27 Sep 2007

The Etruscan names Arnth and Arnthia

According to most accounts by Etruscologists, Larthi is the feminine of masculine praenomen Larth. Likewise, Arnthi is the feminine of masculine praenomen Arnth. We may be easily deceived into thinking that the names are pretty straightforward. They're not.

TLE 179: Eca mutna Arnθal Vipinanas, Śeθreśla.
"This (is) the sarcophagus of Arnth Vipinana, (descendant) of Sethre."

The above inscription shows us a male name, Arnth, declined in the genitive (Arnθ-al "of Arnth"). His family name Vipinana is also declined in the genitive as well (Vipinana-s) because this is traditional for family names of males. Depending on the class of the noun, the genitive is marked in either -as or -al. A third name at the end is declined with a case suffix -śla to indicate ancestral lineage. In this case, he is the descendent of Sethre, a common male praenomen in Etruria.

TLE 233: Arnθ Lenies, Larθial clan, Velus-um nefiś.
"Arnth Lenie, Larth's son, and Vel's grandson."

The name Arnth is here unmarked because it's the nominative case and this person's last name is declined in the genitive again because the person is male. There is also no question that he is male because his inscription is written over a picture of him reclining with his brother while being serenaded by musicians. This is what a male name looks like in Etruscan. However if you scroll down through the same inscription, we notice another interesting sentence describing his brother:

Vel Lenies, Arnθial ruva, Larθial[usla] clan, Velus-um nefś.
"Vel Lenie, Arnth's brother, Larth's son, and Vel's grandson."

Notice that the genitive of Arnth may be Arnθal (as in TLE 179) or Arnθial (as in this last inscription). It's not a typo because it occurs elsewhere (ETP 83: Mi Arnθial Tetnies śuθi-θi Velcl-θi. = "I am of Arnth Tetnie in the tomb in (the city of) Vulci."; TLE 320: Ramθa Viśnai, Arnθeal Tetnies puia. = "Ramtha Visna, Arnth Tetnie's wife."). This interloping -i- or -e- is clearly supposed to be there and not just some scribal error. Now let's look at the female praenomen:

TLE 888: Metli Arnθi puia amce Spitus Larθal. Svalce avil LXIIII. Ci clenar acnanas, arce.
"Arnthi Metli was the wife of Larth Spitu. (She) lived 64 years. Having brought forth three sons, (she) raised (them)."

This shows the unmarked female praenomen in the nominative case and we know this is a female name by the context. Note that her family name is declined not in the genitive but in the locative case (Metli < *Meteli-i) as is traditional for female names, while the name of her husband, Larth Spitu, shows yet again the genitivized family name (Spitu-s) as expected for males.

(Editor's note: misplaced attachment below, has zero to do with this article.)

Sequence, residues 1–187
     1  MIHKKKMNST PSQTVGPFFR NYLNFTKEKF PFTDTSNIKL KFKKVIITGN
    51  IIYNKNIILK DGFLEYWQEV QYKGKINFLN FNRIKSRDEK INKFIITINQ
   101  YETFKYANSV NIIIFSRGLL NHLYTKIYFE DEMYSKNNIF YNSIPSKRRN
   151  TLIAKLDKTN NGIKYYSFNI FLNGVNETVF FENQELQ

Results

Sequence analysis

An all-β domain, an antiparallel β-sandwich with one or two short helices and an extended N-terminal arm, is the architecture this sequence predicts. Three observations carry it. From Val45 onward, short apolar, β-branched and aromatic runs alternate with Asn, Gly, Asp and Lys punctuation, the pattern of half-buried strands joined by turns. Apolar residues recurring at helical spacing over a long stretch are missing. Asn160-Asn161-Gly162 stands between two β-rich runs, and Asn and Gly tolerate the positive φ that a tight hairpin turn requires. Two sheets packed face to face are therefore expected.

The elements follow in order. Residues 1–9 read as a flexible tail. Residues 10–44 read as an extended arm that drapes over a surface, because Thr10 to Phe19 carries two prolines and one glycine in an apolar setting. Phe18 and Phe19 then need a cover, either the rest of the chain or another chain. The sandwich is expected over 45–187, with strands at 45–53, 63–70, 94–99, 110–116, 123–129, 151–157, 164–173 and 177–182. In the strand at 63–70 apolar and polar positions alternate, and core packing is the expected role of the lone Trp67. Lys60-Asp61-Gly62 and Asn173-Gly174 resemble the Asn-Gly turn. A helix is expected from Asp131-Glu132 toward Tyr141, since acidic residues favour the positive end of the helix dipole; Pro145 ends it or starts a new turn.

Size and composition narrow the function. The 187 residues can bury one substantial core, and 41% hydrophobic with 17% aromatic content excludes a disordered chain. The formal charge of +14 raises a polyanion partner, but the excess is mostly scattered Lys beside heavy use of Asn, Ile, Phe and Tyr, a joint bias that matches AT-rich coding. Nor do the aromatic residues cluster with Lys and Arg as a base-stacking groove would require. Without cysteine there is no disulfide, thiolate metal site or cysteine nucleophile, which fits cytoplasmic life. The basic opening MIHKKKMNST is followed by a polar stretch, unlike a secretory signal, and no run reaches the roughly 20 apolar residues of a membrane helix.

But wait a minute. I have questions and I need answers. Quite frankly I'm not even sure what the answers should be but apparently Etruscologists aren't talking about it either and they should:

1. If the genitive of male Arnθ can be Arnθial, then what is the genitive of feminine Arnθi?
2. Is the genitive of both the male and female names homophonous, and thus only distinguishable by the declension of their last name?
3. If an inscription only says Mi Aranθial (see ETP 295), what gender is the person? (Mi simply means "I (am)".)
4. What on earth is that interloping -i- or -e- doing there?
5. Why is the genitive in -al in the first place?
6. What morphological reasons cause speakers to chose l-genitive over an s-genitive? We have Arnth with genitive Arnθal/Arnθeal/Arnθial and yet Minrva (Minrva-s "of Minerva") and Uni (Uni-al "of Uni").


  1. Probably quite an unlikely though. But the whole -i-/-e- stuff reminded me of Irish. That is to say that maybe it wasn't so much a vowel, but just a way of denoting palatalisation of the preceding consonant. Such a minor articulatory difference might often not be written, or it might be written inconsistently (alternating between i and e). It's really only just a thought, don't have any proof for it, but I thought maybe it'd help having a little bit of direction you might want to search :D

  2. It's true that all writing systems have their quirks of spelling. In Etruscan, we might notice that "u" in non-initial syllables often represents schwa, as in amuce /'ɑməke/ "has been, was".

    However, it seems like you're merely explaining away obscurity with more obscurity. Afterall, if we pursue this direction to explain the added high vowel here, then we'd naturally have to first explain what caused this hypothetical palatalization in the first place.

    To me, it seems as though there was another syncope before the one documented around 500 BCE. If so, we'd expect Proto-Etruscan *Aranθi in the masculine and presumably *Aranθia as a feminine. However, if this is true, I would like to iron out when this might of taken place and how. However, I haven't come up with anything other than idle possibilities so far.

    So I guess none of us can come up with anything yet. No prob. It's only a matter of time and my brain won't rest until I get this all straight in my head.